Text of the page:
Remember the audience is there to hear about the topic. If you are discussing Dr. Who, and you realize somehow the last 5 minutes have been about water on Mars, bring it back on topic. And you can just say “OK, to get back to Dr. Who” and chuckle as you say it. That is, unless the audience is into this new topic—leaning forward, asking questions, etc. In which case, you have to decide whether to let the discussion follow its course or bring it back on topic.
20 minute lull
When I first began moderating, I begin to worry at the 20 minute mark because I felt we weren’t going to make it through the full hour. If this happens, don’t panic—this happens. I don’t know why, but it does. I think that’s when the initial energy begins to fade. But then someone will say something, and you all will hit your second wind. And, you can always turn to the audience.
And if the panel runs out of gas early, admit it. Thank everyone and end the panel early.
Manage the audience
I’ve saved this topic for last because the audience will be your biggest challenge. There will always be someone who thinks they are on the panel and won’t shut up. So how do you to deal?
First, when starting the panel explain that the panel will talk for about 20 minutes or so, and then you’ll take questions. And be clear: To ask a question, put your hand up.
If someone just starts talking, cut them off (“Sorry, let’s hear her out” or “Hang out, I want to hear from the panel. We’ll take question is a bit.”) and go back to the panel. And remind people when you will be taking questions and how to ask.
As people put their hand up, acknowledge them. Even if a panelist is talking and/or you are not ready for their question, make eye contact with the audience member and give a nod or small wave to let them know you see them.
When you call on someone, be clear: “This gentleman in the Spider-Man hat.” “Yes, Poison Ivy at the back.” “Lady in the front row knitting me a scarf. It’s for me, right?”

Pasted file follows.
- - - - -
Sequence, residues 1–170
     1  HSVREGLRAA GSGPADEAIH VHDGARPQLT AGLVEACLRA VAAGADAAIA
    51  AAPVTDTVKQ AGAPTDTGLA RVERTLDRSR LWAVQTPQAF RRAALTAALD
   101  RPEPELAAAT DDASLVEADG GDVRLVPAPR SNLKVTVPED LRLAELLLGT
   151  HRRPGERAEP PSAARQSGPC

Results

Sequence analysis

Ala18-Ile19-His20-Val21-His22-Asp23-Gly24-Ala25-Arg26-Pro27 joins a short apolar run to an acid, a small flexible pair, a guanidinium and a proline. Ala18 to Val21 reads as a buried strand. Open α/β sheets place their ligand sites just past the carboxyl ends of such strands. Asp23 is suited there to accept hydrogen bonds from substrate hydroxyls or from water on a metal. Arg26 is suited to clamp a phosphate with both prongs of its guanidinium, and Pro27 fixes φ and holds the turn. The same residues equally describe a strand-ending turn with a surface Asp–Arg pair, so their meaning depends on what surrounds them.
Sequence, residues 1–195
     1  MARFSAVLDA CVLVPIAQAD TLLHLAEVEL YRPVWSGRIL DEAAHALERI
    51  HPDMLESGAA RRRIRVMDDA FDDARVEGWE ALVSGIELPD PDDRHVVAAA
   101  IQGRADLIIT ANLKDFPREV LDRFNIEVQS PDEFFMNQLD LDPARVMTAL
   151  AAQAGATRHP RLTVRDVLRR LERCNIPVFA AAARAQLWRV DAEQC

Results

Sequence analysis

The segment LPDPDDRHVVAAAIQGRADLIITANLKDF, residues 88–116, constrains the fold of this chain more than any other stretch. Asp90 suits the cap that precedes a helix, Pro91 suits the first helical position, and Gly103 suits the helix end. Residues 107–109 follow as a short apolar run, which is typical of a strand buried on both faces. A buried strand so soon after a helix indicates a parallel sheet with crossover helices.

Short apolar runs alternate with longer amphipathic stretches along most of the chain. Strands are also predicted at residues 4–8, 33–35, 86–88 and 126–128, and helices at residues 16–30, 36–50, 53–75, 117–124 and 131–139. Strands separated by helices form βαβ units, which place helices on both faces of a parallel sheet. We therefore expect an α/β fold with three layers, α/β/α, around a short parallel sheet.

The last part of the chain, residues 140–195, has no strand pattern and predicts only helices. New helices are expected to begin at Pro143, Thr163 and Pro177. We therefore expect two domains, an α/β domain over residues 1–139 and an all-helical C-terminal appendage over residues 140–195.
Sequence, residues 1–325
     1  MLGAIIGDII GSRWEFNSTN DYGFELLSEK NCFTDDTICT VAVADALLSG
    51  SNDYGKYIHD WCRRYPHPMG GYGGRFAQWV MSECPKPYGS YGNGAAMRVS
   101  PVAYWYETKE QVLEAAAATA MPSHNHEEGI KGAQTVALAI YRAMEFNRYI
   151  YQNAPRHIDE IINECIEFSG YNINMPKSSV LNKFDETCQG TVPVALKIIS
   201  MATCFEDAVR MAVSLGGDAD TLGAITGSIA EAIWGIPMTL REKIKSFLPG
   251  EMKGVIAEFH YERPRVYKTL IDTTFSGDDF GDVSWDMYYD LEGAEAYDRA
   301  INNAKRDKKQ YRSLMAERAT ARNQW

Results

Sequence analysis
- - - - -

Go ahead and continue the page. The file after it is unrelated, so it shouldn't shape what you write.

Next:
If various people have their hands up, set up your order: “I’m going first to the gentleman with the beard at the back, then over to this lady with the stuffed TARDIS and then over to the Flash t-shirt.”
Vary who gets to speak. There will be one person with their hand up all the time. Make sure others are heard. Say things like “Yes, in the Sailor Moon boots, we haven’t heard from you yet” or to the person who keeps asking question “I see you have your hand up first, but let’s go over here. We haven’t heard from her yet.”
Be prepared for someone who isn’t asking a question but making a statement. Or, it takes them 5 minutes of set up to get to their question. You don’t have time for that. If you sense someone is standing on their soapbox or is taking to long to ask a question, be direct: “I’m not hearing a question here” or “You need to get to your question because others have questions they’d like to ask.”
If you get the rude jackass who keeps interrupting, be direct. “Hang on, let’s hear from the panel” or “She wasn’t done speaking yet.” You might even need to go as far as saying “Excuse me, but you’ve been interrupting us. If you have a question or comment, please raise your hand.” The longer this person is allowed to interrupt, the more they will do it. So shut them down quickly.
Maybe you think this is being rude to an audience member, but remember (1) you are there for the entire audience, not just one person and (2) that one person is being very rude.
One of my proudest moments as a moderator was a woman who kept loudly interrupting the panel (and other audience members trying to ask a question). I tried to politely deflect her at first, but her behaviour persisted so I became more direct and told her to stop interrupting. So she raised her hand while someone was speaking, I nodded to let her know I saw her, but after five seconds of her hand in the air she screamed “FUCK YOU PEOPLE!” and stormed out. You might think it’s bad I pissed this person off so much, but her anger pales to the sum of the frustration of everyone else in the room. Her absence made the panel run smoother, fulfilling my obligation is to the audience as a whole.
Anything I missed?
If you have advice or suggestions for panel moderators, please put them in the comments below. I’d love to hear your feedback!